Tagrisso Approved by FDA to Treat Certain Forms of Lung Cancer
The Food and Drug Administration (FDA) is issuing an approval for a drug that will provide those suffering from advanced non-small cell lung cancer (NSCLC) with a new treatment option.
The agency has announced that it will approve Tagrisso (osimertinib) for use in patients whose tumors have a specific epidermal growth factor receptor (EGFR) mutation (T790M) and whose disease has gotten worse after treatment with other EGFR-blocking therapy.
"Our understanding of the molecular basis of lung cancer and reasons these cancers become resistant to prior treatments is rapidly evolving," Richard Pazdur, director of the Office of Hematology and Oncology Products in the FDA's Center for Drug Evaluation and Research, said in a written statement. "This approval provides a new treatment for patients who test positive for the EGFR resistance mutation, T790M, and is based on substantial evidence from clinical trials that shows Tagrisso had a significant effect on reducing tumor size in over half of patients who were treated."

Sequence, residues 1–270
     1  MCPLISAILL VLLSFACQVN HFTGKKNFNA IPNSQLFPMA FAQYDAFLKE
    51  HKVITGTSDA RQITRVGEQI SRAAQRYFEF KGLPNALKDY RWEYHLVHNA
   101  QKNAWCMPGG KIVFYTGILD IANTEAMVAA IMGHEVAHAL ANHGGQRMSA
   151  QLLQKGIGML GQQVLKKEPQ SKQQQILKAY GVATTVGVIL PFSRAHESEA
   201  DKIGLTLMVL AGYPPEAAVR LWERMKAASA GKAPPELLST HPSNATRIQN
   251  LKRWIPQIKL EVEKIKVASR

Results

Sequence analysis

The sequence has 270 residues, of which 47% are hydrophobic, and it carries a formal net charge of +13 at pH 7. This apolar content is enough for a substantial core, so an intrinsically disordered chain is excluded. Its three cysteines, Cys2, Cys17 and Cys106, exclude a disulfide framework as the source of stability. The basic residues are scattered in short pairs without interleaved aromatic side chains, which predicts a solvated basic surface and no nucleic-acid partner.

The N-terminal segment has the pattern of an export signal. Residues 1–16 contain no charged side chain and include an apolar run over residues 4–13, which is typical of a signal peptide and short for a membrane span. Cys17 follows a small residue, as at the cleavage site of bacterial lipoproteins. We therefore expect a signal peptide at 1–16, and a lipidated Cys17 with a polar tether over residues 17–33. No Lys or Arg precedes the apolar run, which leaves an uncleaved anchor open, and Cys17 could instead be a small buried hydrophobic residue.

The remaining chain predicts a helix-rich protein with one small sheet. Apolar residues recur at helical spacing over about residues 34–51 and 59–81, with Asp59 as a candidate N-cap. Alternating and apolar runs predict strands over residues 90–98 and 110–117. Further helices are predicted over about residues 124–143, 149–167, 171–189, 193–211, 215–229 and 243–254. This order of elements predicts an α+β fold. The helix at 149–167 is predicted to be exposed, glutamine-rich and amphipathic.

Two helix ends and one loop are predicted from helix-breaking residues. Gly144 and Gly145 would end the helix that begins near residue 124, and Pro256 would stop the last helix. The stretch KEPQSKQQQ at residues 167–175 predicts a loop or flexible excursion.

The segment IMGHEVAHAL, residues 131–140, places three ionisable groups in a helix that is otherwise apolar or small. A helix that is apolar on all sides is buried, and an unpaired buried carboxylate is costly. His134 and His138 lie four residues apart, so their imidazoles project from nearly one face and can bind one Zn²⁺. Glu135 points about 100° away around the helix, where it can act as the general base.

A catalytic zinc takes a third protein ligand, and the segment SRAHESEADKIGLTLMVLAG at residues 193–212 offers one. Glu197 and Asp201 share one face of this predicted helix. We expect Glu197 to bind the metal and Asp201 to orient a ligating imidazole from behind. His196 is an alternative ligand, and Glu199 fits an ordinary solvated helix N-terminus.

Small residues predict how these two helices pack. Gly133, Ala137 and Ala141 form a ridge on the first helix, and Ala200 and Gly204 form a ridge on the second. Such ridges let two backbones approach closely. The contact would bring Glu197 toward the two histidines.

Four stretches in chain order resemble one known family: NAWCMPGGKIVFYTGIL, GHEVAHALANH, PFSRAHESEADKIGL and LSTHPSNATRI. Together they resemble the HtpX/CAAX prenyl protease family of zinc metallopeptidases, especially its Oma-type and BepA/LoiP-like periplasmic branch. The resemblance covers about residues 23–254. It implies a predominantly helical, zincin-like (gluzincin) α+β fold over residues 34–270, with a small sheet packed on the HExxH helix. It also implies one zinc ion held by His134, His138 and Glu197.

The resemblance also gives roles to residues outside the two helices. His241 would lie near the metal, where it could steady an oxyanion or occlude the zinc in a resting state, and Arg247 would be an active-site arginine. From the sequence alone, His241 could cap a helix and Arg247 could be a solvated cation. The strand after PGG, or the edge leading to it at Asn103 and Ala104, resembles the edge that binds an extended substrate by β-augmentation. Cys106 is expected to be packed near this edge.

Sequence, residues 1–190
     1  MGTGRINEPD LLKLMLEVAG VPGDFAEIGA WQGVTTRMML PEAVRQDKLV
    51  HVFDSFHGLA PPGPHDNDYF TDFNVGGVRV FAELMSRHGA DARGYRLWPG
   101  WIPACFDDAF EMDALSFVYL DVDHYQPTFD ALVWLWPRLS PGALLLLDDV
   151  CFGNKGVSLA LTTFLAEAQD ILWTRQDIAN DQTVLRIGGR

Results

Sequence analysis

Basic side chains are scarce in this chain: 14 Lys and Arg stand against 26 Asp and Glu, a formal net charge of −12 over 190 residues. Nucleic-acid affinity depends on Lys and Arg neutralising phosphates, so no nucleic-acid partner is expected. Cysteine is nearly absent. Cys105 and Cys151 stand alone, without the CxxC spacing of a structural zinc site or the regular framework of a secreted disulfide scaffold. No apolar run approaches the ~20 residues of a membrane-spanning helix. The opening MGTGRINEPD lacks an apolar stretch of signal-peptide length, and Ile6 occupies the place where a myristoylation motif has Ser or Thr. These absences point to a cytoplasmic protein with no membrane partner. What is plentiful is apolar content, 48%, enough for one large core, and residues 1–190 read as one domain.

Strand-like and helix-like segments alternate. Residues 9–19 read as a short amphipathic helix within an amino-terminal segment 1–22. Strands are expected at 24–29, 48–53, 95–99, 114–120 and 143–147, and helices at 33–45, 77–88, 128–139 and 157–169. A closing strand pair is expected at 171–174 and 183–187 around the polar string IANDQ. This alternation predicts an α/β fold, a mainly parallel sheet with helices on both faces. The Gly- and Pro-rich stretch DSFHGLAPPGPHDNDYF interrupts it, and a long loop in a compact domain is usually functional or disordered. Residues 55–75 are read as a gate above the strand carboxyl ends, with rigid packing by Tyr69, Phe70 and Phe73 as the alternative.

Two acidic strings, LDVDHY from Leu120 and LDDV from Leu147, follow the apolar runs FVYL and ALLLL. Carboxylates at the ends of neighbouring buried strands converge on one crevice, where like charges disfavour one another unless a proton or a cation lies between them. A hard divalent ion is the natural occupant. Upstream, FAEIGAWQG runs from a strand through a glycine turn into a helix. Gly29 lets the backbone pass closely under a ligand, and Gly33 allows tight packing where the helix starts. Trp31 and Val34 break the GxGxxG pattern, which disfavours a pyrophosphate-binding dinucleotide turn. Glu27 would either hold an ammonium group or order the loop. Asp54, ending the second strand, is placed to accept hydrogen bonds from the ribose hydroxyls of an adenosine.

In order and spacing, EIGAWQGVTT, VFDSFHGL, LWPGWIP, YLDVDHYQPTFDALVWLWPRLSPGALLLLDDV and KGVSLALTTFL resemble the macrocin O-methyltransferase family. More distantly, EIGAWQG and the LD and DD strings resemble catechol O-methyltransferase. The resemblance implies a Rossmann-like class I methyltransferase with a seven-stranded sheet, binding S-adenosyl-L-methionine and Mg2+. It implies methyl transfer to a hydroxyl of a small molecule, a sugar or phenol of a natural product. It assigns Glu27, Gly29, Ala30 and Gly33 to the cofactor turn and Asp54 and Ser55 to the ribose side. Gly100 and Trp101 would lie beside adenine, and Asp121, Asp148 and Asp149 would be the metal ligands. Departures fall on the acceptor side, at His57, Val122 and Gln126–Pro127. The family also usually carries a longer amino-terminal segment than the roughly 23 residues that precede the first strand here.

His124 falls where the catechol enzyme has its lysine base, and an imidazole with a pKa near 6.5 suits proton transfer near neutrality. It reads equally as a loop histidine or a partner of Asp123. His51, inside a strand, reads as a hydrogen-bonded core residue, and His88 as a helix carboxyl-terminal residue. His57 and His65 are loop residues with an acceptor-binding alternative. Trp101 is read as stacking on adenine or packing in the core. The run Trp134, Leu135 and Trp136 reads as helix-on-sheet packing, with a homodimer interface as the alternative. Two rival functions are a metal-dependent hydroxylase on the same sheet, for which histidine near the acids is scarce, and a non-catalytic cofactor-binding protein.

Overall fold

The efficacy of Tagrisso was demonstrated in two studies with a total of 411 patients. In these two studies, 57 percent of patients in the first study and 61 percent of patients in the second study experienced a complete or partial reduction in their tumor size (known as objective response rate).
The FDA granted several designations to Tagrisso that will enable the drug to reach the market on an expedited schedule. These include breakthrough therapy, priority review, orphan drug, and accelerated approval designation.
The most common side effects of Tagrisso are diarrhea, skin and nail conditions such as dry skin, rash and infection or redness around the fingernails. Tagrisso may cause serious side effects, including inflammation of the lungs and injury to the heart. It also may cause harm to a developing fetus.
Lung cancer is the leading cause of cancer death in the United States, with an estimated 221,200 new diagnoses and 158,040 deaths in 2015, according to the National Cancer Institute.